Bridezilla’s #1 Nemesis: Rebecca Mead, Marriage Muckraker

Posted by on 04 Jun, 2007

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Sigh…it is a known fact that each moment of Bridezilla’s life is a study in unsurpassed brilliance. And yet, it seems not a day goes by lately that our hours aren’t dampened by mention of this bliss-less brown wren of a writer Rebecca Mead, buzzing in our ear like a defunct hair dryer.
As you can probably presume just by looking at this picture of Mead we lifted off Salon’s recent article ” The Marriage Industrial Complex,”Mead doesn’t like elaborate weddings. She feels garter tossing and engagement rings are superfluous and devoid of meaning. So she had herself a dreary, gloomy frill-free little wedding ceremony at city hall wearing, wait for it-everyday office attire, and now she wants you all to do the same!
Needless to say, Mead thinks this morose marital behavior makes her a morally superior human being, so much so that she is going around touting it in her “expose” “One Perfect Day, The Selling of the American Wedding,” a tedious tome that attempts to meticulously debunk the validity of every nuptial tradition Bridezilla and her many legions of blushing brides hold sacred and dear.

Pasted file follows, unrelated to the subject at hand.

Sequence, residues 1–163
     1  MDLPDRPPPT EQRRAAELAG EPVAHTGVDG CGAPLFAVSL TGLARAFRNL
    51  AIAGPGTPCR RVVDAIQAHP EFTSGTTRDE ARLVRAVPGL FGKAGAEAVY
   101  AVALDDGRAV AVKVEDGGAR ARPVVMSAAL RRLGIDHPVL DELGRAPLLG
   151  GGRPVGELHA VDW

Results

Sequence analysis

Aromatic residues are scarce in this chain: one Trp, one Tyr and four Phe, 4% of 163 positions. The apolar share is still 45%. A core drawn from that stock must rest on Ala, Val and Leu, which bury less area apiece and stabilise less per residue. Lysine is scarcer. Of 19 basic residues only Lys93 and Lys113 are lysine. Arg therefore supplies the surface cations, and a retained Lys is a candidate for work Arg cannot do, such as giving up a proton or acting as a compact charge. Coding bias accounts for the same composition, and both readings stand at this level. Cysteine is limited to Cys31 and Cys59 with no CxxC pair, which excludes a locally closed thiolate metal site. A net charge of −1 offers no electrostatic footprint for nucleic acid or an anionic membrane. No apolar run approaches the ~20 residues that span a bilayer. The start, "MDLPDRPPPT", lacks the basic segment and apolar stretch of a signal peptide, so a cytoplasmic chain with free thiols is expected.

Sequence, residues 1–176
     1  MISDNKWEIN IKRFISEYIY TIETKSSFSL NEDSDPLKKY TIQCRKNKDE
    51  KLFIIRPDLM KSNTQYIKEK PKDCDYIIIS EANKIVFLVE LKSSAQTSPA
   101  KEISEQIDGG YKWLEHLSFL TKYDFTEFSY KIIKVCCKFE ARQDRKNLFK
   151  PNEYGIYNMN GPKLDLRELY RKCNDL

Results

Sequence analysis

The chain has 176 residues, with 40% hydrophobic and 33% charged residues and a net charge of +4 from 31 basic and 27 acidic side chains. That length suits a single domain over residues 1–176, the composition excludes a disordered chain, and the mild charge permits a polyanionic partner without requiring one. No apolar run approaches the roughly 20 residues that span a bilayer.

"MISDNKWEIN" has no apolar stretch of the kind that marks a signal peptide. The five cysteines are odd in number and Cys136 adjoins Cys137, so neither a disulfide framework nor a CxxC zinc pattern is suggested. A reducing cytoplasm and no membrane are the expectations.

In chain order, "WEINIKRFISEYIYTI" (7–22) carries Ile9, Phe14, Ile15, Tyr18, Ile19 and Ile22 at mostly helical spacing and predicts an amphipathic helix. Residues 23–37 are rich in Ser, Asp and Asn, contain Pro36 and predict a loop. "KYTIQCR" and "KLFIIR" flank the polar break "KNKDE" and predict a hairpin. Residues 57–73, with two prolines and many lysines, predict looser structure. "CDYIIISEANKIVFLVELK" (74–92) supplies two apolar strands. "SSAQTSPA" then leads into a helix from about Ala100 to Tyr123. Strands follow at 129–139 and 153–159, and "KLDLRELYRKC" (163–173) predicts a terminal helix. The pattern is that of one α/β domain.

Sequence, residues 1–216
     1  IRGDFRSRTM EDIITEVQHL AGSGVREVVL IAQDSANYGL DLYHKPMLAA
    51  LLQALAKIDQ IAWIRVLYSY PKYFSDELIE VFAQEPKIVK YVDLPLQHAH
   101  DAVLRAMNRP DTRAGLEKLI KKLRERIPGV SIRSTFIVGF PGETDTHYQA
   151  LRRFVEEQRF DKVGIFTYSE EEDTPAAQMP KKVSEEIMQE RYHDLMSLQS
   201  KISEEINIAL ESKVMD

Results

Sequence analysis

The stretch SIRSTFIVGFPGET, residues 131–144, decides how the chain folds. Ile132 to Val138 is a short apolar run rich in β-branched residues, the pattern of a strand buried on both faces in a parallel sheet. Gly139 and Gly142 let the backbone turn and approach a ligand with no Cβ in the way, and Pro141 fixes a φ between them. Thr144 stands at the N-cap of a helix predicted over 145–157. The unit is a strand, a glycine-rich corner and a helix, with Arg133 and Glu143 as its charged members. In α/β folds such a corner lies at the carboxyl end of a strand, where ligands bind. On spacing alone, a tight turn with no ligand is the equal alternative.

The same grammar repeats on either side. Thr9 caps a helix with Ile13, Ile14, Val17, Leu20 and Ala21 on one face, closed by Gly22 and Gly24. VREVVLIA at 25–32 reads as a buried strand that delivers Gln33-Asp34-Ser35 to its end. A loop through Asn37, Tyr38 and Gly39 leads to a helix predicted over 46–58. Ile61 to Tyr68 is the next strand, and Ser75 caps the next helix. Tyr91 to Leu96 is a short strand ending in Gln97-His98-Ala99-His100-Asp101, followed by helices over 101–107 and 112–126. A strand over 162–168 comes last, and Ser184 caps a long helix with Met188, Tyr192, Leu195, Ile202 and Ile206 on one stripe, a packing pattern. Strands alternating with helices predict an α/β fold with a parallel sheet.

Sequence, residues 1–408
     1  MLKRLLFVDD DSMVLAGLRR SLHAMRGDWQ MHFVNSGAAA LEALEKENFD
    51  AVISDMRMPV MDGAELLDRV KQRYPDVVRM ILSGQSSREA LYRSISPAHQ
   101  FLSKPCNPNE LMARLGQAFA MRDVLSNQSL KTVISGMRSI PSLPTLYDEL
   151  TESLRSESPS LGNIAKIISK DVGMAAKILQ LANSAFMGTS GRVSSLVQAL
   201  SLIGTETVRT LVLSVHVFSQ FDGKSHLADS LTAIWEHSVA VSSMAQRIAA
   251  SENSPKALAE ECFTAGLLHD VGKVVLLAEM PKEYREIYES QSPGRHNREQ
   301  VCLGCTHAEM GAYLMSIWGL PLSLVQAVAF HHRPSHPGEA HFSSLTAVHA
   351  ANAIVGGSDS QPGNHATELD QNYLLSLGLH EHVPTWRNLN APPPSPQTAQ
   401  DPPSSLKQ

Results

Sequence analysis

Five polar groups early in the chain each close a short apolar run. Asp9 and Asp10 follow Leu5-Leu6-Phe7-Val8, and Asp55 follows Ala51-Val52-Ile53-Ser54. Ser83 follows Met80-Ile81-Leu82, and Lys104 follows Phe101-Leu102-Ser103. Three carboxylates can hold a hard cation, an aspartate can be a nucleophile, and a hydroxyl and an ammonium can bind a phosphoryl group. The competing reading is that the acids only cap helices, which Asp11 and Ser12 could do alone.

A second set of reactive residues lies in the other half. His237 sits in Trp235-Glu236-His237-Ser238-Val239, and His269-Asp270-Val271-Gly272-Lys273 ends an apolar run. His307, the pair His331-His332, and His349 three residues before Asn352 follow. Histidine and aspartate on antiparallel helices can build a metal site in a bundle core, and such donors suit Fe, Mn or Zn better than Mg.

Well we have news for you Miss Mead: tradition or no, we at Bridezilla will take our vibrant superficiality over your curdling cynicism any day. And for the record, we think matching almonds candy shells with menu colors is a much cooler pastime than spending your days as a marriage muckraker. A bit of a waste of an Oxford degree, if you ask us.

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  1. On 10 Apr, 2010, Sevant said:

    Mead’s book, rather than a Dateline-esque expose, or a strictly finger pointing damnation against wedding vendors, (though reading its reviews online, her book sure touched a nerve) instead explores the cultural forces, unspoken hopes and wishes at work that turn otherwise sane people into irrational Brizillas, how the wedding industry feeds and encourages and indeed distorts into unsightly proportions couples’ legitimate desire to show commitment.
    Mead is an anomaly whom I believe by writing this book hopes to keep the wedding day in perspective and on an even keel, after all, wedding is just one day, but marriage, which the wedding celebrates, is supposed to last a life time.

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